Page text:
This composite of two police body cam and one dash cam screen grabs from video, shows events of a traffic stop as Hennepin County Judge Regina Chu presides over court Dec. 13 in the trial of former Brooklyn Center police Officer Kim Potter in the April 11, death of Daunte Wright, at the Hennepin County Courthouse in Minneapolis, Minn. Court TV via AP, Pool

MINNEAPOLIS—The suburban Minneapolis police officer who says she meant to use her Taser instead of her gun when she shot and killed Black motorist Daunte Wright made a “blunder of epic proportions” and did not have “a license to kill,” a prosecutor told jurors on shortly before they began deliberating in her manslaughter trial.

Kim Potter’s attorney Earl Gray, though, countered during closing arguments that the former Brooklyn Center officer made an honest mistake by pulling her handgun instead of her Taser and that shooting Mr. Wright wasn’t a crime.

The mostly White jury began deliberating shortly before 1 p.m. on Dec. 20, at Final Call presstime. Ms. Potter, 49, is charged with first- and second-degree manslaughter in the April 11 shooting, which came after Mr. Wright was pulled over for having expired license plate tags and an air freshener hanging from his rearview mirror.

Prosecutor Erin Eldridge said during her summation that Mr. Wright’s death was “entirely preventable. Totally avoidable.” And claiming it was a mistake is not a defense, she said, pointing out that the words ”accident” and “mistake” don’t appear in jury instructions.


“Accidents can still be crimes if they occur as a result of reckless or culpable negligence,” Ms. Eldridge said.

“She drew a deadly weapon,” Eldridge said. “She aimed it. She pointed it at Daunte Wright’s chest, and she fired.”

“Daunte Wright caused his own death, unfortunately,” asserted the defense lawyer.

Ms. Eldridge said the case wasn’t about whether Ms. Potter was sorry.

Kim Potter testifies at manslaughter trial in the shooting death of Daunte Wright. Photo: MGN Online

Playing Ms. Potter’s body camera video frame by frame, prosecutor Eldridge sought to raise doubts about Ms. Potter’s testimony that she fired after seeing “fear” on the face of another officer, then-Sgt. Mychal Johnson, who was leaning into the car’s passenger-side door and trying to handcuff Mr. Wright.

The defense has argued that Sgt. Johnson was at risk of being dragged and that Ms. Potter would have been justified in choosing to use deadly force. But Ms. Eldridge pointed out to jurors that Ms. Potter was behind a third officer whom she was training for much of the interaction, and that Sgt. Johnson didn’t come into the view of her camera until after the shot was fired—and then it showed the top of his head as he backed away.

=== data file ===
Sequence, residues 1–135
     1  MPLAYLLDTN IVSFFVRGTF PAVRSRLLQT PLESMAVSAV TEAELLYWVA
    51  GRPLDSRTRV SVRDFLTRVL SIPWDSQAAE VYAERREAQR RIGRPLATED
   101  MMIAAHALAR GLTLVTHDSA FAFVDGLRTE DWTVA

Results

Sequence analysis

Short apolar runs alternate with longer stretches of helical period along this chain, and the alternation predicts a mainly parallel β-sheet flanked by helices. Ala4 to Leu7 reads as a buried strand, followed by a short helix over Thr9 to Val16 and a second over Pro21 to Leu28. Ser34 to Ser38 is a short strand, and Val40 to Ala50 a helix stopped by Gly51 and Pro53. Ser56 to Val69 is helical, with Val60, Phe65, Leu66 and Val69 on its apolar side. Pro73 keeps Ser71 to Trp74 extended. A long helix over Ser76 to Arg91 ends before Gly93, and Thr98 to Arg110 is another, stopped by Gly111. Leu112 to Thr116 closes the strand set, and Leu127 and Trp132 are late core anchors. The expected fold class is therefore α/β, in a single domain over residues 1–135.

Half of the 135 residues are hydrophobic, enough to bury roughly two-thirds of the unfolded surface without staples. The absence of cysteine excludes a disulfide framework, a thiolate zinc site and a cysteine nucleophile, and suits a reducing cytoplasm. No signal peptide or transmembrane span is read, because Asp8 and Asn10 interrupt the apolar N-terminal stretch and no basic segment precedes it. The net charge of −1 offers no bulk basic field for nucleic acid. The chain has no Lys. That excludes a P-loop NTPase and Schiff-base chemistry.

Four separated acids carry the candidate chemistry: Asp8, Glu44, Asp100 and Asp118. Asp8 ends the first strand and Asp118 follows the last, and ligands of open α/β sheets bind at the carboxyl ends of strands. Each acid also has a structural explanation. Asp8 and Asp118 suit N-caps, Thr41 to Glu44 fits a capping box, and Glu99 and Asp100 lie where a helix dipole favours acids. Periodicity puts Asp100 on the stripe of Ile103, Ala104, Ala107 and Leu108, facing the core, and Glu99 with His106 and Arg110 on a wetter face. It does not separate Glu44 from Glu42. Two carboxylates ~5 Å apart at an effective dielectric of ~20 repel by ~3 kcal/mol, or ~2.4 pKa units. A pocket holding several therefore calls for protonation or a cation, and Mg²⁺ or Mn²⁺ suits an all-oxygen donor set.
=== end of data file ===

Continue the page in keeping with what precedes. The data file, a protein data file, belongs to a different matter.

As prosecutors have done throughout the three-week trial, Ms. Eldridge stressed that Ms. Potter, who resigned from the police force two days after the shooting, was a “highly trained” and “highly experienced” 26-year veteran, and said she acted recklessly when she killed Mr. Wright.

“She made a series of bad choices that led to her shooting and killing Daunte Wright,” Ms. Eldridge said. “This was no little oopsie. This was not putting the wrong date on a check. … This was a colossal screwup. A blunder of epic proportions.”

During cross-examination, the prosecutor drove hard at Ms. Potter’s training, getting her to agree that her use-of-force training was a “key component” to being an officer. Ms. Potter testified that she was also trained on when to use force and how much to use, and that there was a policy that dictated what officers could or could not do.

Ms. Potter was shown photos of her Taser and firearm next to one another. The Taser was yellow and her gun was Black. Atty. Eldridge noted that the loaded gun is heavier than the Taser.

“So you went out on the street with a Taser, not knowing what that Taser did?” Atty. Eldridge asked Ms. Potter.

Ms. Potter said she never used a Taser while on duty during her 26 years on the force, though she had pulled it out a few times, and that she never used her gun until the day she shot Mr. Wright.

Ms. Potter’s use of deadly force against Daunte Wright was not appropriate, a use-of-force expert testified earlier at the trial, undercutting a defense argument that she would have been justified in shooting Mr. Wright even if she didn’t mean to.

“The use of deadly force was not appropriate and the evidence suggests a reasonable officer in Officer Potter’s position could not have believed it was proportional to the threat at the time,” said Seth Stoughton, a professor at the University of South Carolina School of Law.

Ms. Potter resigned from the Brooklyn Center police force two days after she shot and killed Mr. Wright.

Ms. Potter is White and Mr. Wright was Black, and his death set off several nights of angry protests in Brooklyn Center. It happened while a White former officer, Derek Chauvin, was on trial in nearby Minneapolis for the killing of George Floyd.

(Compiled from Associated Press reports.)